Read more: How politics has crippled Pakistan’s economy?
Several Politicians and key-position holders termed the judiciary as a selective judicial system (which was solely for the purpose of serving their own political interests). At multiple instances, the political elites have also portrayed the court’s proceedings in a controversial light.
Economically speaking, the rupee is in a free fall. The country is having severe balance of payment crisis, our gross reserves have dipped to $10bn at the end of June 2022. Pakistan’s public debt is estimated at approx. 75% of its GDP, SBP liabilities, in addition to swaps, are at about $4bn to this date, oil prices are skyrocketing. The country has seen an all-time low of Rs. 242 to a dollar, devaluating approx. sixty rupees in past three months. One might ask what the implications of this devaluation and free fall of rupee are?
The depreciation against dollar severely increases public debt as one rupee devaluation increases ninety billion rupees approx. in public debt without even borrowing a single dollar, which further increase interest rate, current and total expenditure and the cycle goes on.
Supply and demand for dollars determines the exchange rate. So, the formula is simple if we do not possess enough dollars to meet our imports, the rupee has to fall. Every dollar spent in senseless purpose, eventually has to be borrowed again on interest, further worsening the foreign debt. This alarming condition demands for lowering imports to decrease trade deficit. So, where does these facts lead us? Exactly to the point that Pakistan needs a clear direction in terms of economic and foreign policymaking. Which is only possible through political stability.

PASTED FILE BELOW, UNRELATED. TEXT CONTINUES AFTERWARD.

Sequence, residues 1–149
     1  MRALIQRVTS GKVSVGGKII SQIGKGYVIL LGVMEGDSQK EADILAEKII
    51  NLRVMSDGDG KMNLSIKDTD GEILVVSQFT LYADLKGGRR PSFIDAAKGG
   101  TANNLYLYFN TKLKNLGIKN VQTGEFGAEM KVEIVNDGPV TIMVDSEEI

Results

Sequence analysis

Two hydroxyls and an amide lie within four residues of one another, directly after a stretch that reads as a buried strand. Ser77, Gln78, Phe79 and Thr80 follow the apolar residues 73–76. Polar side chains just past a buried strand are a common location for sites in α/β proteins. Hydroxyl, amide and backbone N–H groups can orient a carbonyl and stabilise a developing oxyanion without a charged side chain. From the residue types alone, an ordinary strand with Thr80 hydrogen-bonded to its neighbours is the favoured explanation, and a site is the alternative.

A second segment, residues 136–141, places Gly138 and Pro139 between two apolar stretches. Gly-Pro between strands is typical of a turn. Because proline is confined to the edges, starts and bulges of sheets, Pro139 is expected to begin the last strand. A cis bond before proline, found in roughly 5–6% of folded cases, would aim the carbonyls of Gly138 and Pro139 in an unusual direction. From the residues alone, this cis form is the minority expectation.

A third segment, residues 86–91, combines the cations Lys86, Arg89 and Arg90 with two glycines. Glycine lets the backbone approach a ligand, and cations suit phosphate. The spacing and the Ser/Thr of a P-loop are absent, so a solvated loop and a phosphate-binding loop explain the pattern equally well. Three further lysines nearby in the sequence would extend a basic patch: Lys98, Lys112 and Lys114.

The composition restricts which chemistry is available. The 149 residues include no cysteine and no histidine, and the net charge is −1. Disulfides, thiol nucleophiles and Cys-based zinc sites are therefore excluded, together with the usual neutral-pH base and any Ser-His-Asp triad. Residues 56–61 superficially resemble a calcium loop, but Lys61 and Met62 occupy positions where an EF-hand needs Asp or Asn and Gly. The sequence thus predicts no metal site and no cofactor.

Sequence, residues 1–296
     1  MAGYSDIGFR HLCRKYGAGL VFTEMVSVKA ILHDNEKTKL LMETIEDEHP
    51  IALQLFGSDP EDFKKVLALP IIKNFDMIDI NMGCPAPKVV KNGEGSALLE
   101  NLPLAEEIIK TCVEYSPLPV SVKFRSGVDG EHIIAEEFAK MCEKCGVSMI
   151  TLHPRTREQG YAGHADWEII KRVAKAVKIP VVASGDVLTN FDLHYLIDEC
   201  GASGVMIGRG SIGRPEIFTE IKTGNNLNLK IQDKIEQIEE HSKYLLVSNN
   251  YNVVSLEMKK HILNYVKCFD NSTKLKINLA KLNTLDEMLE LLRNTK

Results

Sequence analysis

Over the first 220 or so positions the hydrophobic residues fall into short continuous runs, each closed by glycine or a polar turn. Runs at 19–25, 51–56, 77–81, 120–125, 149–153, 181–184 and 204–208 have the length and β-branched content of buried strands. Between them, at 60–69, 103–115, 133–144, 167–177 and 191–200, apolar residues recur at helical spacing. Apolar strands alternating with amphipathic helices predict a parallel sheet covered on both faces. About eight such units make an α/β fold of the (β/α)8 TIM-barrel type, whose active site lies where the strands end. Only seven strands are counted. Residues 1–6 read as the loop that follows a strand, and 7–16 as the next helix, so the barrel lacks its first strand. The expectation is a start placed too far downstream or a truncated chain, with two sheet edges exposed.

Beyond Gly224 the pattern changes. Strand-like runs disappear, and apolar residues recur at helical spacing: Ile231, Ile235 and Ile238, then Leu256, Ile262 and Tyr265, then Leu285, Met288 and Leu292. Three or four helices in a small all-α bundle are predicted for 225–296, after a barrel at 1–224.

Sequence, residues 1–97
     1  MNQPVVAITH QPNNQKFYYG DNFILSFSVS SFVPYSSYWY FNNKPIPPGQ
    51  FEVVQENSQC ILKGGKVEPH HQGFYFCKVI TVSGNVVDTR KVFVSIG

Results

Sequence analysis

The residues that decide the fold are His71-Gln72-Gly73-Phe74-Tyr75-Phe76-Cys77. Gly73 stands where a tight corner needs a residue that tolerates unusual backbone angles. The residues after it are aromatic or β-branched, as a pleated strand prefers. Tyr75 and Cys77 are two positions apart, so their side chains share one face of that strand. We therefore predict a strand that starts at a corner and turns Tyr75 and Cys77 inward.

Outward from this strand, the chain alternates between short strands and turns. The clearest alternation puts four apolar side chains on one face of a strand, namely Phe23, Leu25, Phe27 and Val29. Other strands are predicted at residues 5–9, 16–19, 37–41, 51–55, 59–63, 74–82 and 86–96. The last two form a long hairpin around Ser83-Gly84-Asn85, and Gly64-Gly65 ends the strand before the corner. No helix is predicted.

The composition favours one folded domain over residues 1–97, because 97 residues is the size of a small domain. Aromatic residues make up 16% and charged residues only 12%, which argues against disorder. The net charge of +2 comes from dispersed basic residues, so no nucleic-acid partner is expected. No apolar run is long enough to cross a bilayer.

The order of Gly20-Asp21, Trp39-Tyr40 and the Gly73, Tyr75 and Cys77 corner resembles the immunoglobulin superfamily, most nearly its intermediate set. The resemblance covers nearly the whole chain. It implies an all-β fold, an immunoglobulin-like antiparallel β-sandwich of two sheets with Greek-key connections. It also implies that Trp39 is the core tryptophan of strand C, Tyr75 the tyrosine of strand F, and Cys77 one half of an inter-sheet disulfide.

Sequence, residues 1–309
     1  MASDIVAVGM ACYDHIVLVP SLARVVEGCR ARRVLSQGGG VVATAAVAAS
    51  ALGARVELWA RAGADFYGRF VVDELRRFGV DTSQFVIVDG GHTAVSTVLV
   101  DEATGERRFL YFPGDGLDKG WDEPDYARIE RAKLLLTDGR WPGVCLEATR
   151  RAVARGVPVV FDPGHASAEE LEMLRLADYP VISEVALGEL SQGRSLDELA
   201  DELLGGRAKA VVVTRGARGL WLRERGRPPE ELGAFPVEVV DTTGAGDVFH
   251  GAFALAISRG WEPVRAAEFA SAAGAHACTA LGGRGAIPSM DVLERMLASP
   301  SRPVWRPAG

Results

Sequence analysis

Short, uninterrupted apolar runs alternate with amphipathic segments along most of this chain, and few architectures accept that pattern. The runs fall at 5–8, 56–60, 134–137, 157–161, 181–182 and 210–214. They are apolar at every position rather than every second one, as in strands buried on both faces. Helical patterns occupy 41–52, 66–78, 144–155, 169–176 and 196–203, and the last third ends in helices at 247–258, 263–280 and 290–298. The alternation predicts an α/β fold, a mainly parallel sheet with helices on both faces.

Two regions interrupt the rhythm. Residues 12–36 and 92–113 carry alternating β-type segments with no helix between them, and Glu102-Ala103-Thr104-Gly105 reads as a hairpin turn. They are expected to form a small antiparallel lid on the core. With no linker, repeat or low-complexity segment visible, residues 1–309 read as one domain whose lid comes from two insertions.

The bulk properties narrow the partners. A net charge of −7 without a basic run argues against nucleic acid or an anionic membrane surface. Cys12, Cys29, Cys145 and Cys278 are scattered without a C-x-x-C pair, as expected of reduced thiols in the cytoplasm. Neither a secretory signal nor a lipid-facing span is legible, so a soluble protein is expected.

Read more: Behind the façade in Pakistan’s politics
The current meltdown of Pakistan political system is very menacing as the country is uncertain about its future economic policies. In the past economical crisis, like that of 2019, Pakistan had at least political stability which helped the country to get out of balance of payments crisis. But today the situation is worse, as the absence of political clarity is affecting the economic decisions. The political parties are not ready to accept each other’s legitimacy. National assembly is currently dysfunctional and working without an opposition.
The biggest province of Pakistan; Punjab is experiencing political instability hampering the governance badly. The country’s political institutions direly need to formulate rules of the game and a room for negotiation. If key stakeholders come to conclude that all of us trust particular political constellation to rule and remain stable for a foreseeable time. Then surely there will be advancements in every field such as economic affairs, foreign affairs, welfare etc., because then there will be a uniform direction and stable decision-making process.
GOD BLESS PAKISTAN!
The writer is a Public Policy Analyst and graduate of National University of Science And Technology, Islamabad. The views expressed in the article are the author’s own and do not necessarily reflect the editorial policy of Global Village Space.